Yesterday I had three very nice encounters around music. The first was with the assistant pastor at my church, Dennis Remenschneider. He is a Lutheran minister with whom I actually worked at one point in a Lutheran church. He loves the Lutheran tradition very much and in the course of our conversation asked me if I would play for him some of my prelude for this Sunday which is by Distler who was writing in the Lutheran tradition in Germany in the 30s. I was flattered that anyone took that much interest in what I am playing at church and immediately complied.
I asked him to listen to two registrations I had in mind for the piece. It is the first movement of Hugo Distler’s Organ Sonata (Trio) opus 18/2.
I also had a nice chat with Dawn Van Ark, the cellist from my piano trio. Our violinist failed to show as sometimes happens. We are a tolerant trio and just tend to carry on if someone is a no show. Sometimes we play through our trio material absent the missing part. Sometimes we do other stuff. Yesterday Dawn and I did a bit of both.
I asked her to listen to my organ registrations as well. Here are two videos of the two registrations. If you like, dear reader, you could sample them and email me (email@example.com) or leave a comment about your preference. (It looks like Take one has a permanent freeze in it 3:51-5:13, but you can still get the idea about the sounds I have chosen) I think I will not prejudice you with the responses from Dennis and Dawn. Any opinions would be helpful to me as I decide which of these registrations to use this Sunday. FWIW I did notice that the first take is a bit slower than the second. But speeds up. Yikes.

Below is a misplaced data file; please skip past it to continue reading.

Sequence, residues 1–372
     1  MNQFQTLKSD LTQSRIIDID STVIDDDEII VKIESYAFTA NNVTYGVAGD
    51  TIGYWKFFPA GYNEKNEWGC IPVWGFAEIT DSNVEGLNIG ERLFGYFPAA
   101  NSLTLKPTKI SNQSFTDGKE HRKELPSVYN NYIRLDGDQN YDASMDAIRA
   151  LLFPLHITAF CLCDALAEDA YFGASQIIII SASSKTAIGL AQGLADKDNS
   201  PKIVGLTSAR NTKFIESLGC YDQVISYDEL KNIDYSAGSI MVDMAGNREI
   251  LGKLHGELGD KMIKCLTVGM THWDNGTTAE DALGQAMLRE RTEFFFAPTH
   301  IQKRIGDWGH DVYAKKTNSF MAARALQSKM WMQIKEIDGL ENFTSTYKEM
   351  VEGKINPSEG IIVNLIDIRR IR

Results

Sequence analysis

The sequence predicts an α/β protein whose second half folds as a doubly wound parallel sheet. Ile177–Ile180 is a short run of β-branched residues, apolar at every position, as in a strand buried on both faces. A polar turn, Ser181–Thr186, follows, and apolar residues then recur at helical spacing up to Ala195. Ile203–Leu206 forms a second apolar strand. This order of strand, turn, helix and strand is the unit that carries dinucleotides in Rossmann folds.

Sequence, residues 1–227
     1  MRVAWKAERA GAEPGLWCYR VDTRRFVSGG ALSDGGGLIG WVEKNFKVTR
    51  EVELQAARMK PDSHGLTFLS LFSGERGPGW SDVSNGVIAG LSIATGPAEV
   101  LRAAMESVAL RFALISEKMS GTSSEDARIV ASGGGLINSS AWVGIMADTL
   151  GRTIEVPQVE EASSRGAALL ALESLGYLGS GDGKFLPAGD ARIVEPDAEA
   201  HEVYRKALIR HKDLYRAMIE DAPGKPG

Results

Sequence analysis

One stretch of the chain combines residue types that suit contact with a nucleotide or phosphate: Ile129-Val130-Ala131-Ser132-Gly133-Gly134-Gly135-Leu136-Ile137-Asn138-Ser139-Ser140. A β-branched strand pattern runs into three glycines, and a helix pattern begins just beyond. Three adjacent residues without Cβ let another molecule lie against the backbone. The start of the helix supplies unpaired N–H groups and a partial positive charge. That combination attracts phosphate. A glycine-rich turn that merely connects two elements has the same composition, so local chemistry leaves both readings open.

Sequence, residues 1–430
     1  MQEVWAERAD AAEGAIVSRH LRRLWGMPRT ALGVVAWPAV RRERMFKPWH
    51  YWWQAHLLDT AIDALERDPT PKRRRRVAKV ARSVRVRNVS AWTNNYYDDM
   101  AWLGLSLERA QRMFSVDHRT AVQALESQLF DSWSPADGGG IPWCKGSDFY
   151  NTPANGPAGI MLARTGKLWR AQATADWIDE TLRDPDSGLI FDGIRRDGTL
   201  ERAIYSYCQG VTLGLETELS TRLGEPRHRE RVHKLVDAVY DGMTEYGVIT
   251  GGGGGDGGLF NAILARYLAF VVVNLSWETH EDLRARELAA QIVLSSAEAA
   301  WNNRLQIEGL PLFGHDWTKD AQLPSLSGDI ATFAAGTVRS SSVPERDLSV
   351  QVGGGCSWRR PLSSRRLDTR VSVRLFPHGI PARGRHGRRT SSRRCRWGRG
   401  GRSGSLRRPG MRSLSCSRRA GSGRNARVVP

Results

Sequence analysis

Distler does a very clever little thing in this trio. There are three sounds in a classic organ trio. In this case my left hand begins on the lower keyboard and my right hand is on the upper keyboard. At a certain point, Distler asks the player to switch which hand is playing which manual (this happens at 2:32 in “Take one” and 2:25 in “Take two”). The listener then hears some material that originally sounded in the other voice with the sound on the upper keyboard. This entire section is then repeated so that by following Distler’s instructions to switch hands a second time, the hands (and the melodies) return to their original set-up. 4:48 in Take two
Later in the afternoon, my friend, Jordan VanHemert dropped by for conversation and music. Jordan is an accomplished musician who is currently studying improvisation in U of M’s grad school. He plays saxophones, but yesterday brought his flute. After catching up a bit we played through the E minor Bach flute sonata. It was fun.
Then later Eileen and I had date night. I think my life is pretty good.
Just for fun, here’s a video of me practicing my postlude for Sunday as well: